Built like the college athlete he once was, the state lawmaker stood by the door in a downtown Harrisburg bar greeting his colleagues as they came in off the street. With his rusty-reddish hair and boyish looks adding to his style, he smiled and basked in their professional affection.
“Hello, Kevin,” said one member of the House of Representatives.
Hi, Kevin,” said another.
“Kevin,” said yet another.
I remember that night a few years ago when I ran into the now former state rep and accused wife-beater. We were just getting to know each other and I remember being impressed with the ease with which Murphy handled the acclaim. Not bad for a rough Irish kid from North Scranton who rose through the ranks of Scranton City Council and now sat as a state legislator.
People genuinely seemed to like him. I was starting to like him. Well-educated professionals in Scranton and Harrisburg were starting to like him. Most important, though, people were starting to respect him.
Then Murphy imploded.
Two days before last April’s primary election, I received an anonymous phone call from a guy who said Murphy was a fraud who had lied for years about graduating from the University of Scranton. He never finished, the man said.
C’mon, I said, Murphy can’t be that stupid.
Check it pout, the man said.
Murphy was that stupid.
The big lie contributed mightily to his loss in the primary to a former professional boxer and mixed martial arts cage fighter whose only political experience involved deciding whether to punch to the body or the head or go for a choke hold.
As primitive as that sounds, Murphy’s lie was more brutal. Consciously, willfully and intentionally betraying the people you get paid to serve is downright savage. And the good people of Scranton did not appreciate the deception.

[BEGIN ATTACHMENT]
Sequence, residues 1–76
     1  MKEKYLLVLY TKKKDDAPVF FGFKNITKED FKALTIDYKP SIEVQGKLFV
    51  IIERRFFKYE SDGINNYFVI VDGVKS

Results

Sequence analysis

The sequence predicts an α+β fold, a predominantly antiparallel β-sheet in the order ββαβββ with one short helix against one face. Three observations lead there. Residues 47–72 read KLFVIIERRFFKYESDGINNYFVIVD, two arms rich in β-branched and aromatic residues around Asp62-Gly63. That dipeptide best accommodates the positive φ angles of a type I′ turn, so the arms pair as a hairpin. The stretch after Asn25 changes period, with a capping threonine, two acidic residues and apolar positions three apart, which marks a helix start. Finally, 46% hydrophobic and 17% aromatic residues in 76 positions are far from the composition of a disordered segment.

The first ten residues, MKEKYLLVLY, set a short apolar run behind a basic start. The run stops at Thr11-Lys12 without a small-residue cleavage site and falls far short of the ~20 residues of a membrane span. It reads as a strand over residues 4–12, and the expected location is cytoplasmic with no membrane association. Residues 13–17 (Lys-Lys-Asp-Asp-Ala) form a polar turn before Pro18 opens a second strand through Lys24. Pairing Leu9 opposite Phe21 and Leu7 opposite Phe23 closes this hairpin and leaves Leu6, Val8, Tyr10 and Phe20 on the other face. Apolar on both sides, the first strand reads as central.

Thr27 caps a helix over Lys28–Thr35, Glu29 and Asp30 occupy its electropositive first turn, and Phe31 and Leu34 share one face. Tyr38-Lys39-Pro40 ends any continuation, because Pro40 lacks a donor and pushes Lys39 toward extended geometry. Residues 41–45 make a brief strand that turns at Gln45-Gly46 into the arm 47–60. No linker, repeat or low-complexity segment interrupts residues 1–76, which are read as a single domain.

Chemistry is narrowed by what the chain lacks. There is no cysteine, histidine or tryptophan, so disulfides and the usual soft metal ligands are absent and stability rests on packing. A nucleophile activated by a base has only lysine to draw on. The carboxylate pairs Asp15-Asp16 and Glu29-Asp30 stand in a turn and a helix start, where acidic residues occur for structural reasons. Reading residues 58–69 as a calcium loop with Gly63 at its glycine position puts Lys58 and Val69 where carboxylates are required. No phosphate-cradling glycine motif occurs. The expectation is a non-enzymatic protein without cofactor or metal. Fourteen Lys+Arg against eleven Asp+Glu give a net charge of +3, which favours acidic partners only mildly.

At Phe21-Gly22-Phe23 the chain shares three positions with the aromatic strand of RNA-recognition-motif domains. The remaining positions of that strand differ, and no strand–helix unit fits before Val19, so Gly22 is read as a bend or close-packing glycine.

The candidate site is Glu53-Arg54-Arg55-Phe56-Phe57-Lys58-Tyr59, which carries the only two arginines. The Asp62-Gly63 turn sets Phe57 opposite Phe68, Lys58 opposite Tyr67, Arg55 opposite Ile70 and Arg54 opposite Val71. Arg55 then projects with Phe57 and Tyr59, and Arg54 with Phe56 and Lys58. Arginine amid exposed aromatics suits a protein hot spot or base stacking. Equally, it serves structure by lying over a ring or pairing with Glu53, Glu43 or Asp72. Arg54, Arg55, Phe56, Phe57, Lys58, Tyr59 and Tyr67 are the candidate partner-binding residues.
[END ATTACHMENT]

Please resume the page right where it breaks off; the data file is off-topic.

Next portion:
Murphy tried his best to spin his deceit, lying again in the process, but he failed.
Then he lost.
Whatever respect he had earned unraveled.
Then Murphy exploded.
Police arrived on the scene after Murphy fled, leaving in his wake two people who claimed that he had beaten and battered them.
One victim was his wife.
The other was her male friend.
Murphy turned himself in the next day, which, according to witnesses who said he looked drunk before driving away, saved him from alcohol-related charges that would have added to the sad and complex nature of his criminal charges.
Murphy’s jury trial starts tomorrow morning in Lackawanna County Court. An out-of-town judge will preside as well as a prosecutor from the state attorney general’s office, appointed because of a conflict of interest between Murphy and District Attorney Andy Jarbola, who grew up across the street from Murphy.
Murphy did not take the witness stand during his preliminary hearing. His wife testified. Her male friend testified. And Murphy better testify if he expects jurors and the rest of us to take his story seriously and fairly weigh the evidence in the case.
The truth will help Murphy most of all.
As of now, though, his truth-telling record is seriously flawed.
Redemption is often a long road that starts with responsibility. Murphy can redeem himself. To do so, he must introduce a few personal laws for himself like he did when he introduced legislation in the good old days when he mattered.
Murphy no longer matters to most of us. To his children, however, he might still be somebody. That is all the more reason for Murphy to face and vanquish his demons, for him to try to regain his self-respect and move on with a life worth living.
As a late friend of mine always said, you don’t have to go to school to learn, the world’ll learn you.